Sunday, 17 January 2010

Seville Oranges

Thank goodness, the last of the snow has melted, at least here in London, so at least for the time being, we are having a respite from the worst of the winter. Several people have been telling me they remember the winter of 1963, here in England. No doubt we will be remembering the winter of 2010.

One of the things I always look forward to in January is the appearance of Seville oranges in the shops. I first started looking for Seville oranges not for making marmalade, but because I had some Mexican and Spanish recipes that called for Seville orange juice. Since I didn't come from an orange-growing country, I had no idea at what time of year they might be in season. Of course, once I managed to find some Seville oranges and extract the juice, it seemed a shame not to make marmalade out of the skins. Now we regularly look forward to Seville oranges in January. We freeze the juice for use in cooking, and we make marmalade. These days, D is the marmalade maker in our house. I have recently been noticing several recipes which make use of marmalade, such as Marmalade Gingerbread, from Rachel's Favorite Food for Friend's, a chocolate marmalade cake from Rachel Allen's Bake, and an orange marmalade cake recipe from Jane Asher's Beautiful Baking.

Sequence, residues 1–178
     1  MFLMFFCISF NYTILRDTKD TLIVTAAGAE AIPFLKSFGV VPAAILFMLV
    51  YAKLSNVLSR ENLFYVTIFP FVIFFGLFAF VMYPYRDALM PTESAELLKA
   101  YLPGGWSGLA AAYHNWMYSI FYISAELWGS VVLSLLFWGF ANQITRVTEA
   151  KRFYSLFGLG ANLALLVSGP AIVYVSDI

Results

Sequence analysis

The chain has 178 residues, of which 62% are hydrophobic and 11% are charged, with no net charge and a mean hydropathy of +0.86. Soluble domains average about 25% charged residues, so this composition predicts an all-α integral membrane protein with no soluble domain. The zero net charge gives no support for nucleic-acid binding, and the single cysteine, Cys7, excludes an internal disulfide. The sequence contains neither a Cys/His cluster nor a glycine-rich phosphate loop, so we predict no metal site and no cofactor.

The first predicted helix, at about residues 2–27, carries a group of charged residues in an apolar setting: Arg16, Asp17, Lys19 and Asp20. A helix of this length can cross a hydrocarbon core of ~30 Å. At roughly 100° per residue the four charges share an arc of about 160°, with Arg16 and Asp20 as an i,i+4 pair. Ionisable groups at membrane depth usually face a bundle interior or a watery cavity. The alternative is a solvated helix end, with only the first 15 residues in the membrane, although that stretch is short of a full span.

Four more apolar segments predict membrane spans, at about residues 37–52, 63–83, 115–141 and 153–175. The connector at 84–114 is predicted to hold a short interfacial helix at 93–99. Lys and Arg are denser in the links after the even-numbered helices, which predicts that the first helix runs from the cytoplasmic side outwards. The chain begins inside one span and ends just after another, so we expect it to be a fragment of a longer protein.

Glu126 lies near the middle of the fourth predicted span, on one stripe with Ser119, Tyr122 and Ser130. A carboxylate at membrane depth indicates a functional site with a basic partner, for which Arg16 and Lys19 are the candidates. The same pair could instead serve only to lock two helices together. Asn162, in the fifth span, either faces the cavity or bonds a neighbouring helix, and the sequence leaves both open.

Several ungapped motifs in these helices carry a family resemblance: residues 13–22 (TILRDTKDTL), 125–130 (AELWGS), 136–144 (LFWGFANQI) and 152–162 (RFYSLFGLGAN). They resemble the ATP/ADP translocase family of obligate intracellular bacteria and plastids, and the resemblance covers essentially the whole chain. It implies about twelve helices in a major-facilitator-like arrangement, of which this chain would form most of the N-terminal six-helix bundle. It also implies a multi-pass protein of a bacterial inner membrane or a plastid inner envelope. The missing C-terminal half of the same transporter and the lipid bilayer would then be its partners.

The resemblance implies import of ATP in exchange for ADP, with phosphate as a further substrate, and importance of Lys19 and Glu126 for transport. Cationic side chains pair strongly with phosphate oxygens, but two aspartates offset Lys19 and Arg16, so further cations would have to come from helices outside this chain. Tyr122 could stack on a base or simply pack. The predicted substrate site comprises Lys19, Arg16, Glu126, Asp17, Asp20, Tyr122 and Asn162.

The first marmalade recipe that I had bookmarked, however, was a recipe for Orange Marmalade Ice Cream from Sophie's Table by Sophie Grigson. At first I thought it was a bit strange. In all my years of ice cream eating in Canada when I must have tried just about every flavour of ice cream produced by Baskin-Robbins I had never come across orange marmalade ice cream. But every time I leafed through the book and saw the recipe, it grew on me a little more. I thought that the flavour combination might just work. Apart from that, the recipe was very simple, just double cream and marmalade. I also thought the texture of the marmalade might just help to prevent large ice crystals forming when the ice cream freezes, an important consideration since we don't have an ice cream maker. So I decided to give it a go, and we were delighted with the result, both taste- and texture-wise. Here is the recipe.

Marmalade Ice-Cream with Walnut Sauce.
Recipe from Sophie's Table by Sophie Grigson.

For the ice cream:
375 g Seville orange marmalade
300 ml double cream

Put the marmalade into a large bowl and beat. Whip the cream until stiff, then fold into the marmalade. Freeze.

That's it.

The ice cream doesn't need beating as it freezes, and it is soft enough to serve straight from the freezer.

The book also gives a recipe for an orange and walnut sauce to serve with the ice cream, but since, apart from the occasional banana split (it's actually many, many years since I had one), I usually eat ice cream on its own, I decided to give it a miss. The ice cream was very rich and perfectly fine without the sauce.

Friday, 8 January 2010

Warming Winter Food

Wednesday afternoon was another winter wonderland scene outside, with everything covered in snow from the night before, and more fat snowflakes coming down. I haven't seen this much snow since the first winter I was in England. Today when I ventured out it felt cold and crisp like a Canadian winter. Brrr.

This recipe for Sauerbraten is just the kind of warming food one needs on a cold winter's day. I had never had sauerbraten before, but D said the taste reminded him of a beef stew he had on a family trip to somewhere like Austria or Romania when he was a kid.

Recipe from The Time-Life Holiday Cookbook, 1976.

Serves 6 to 8.

4 lb. boneless beef roast, preferably top or bottom round or rump, trimmed of fat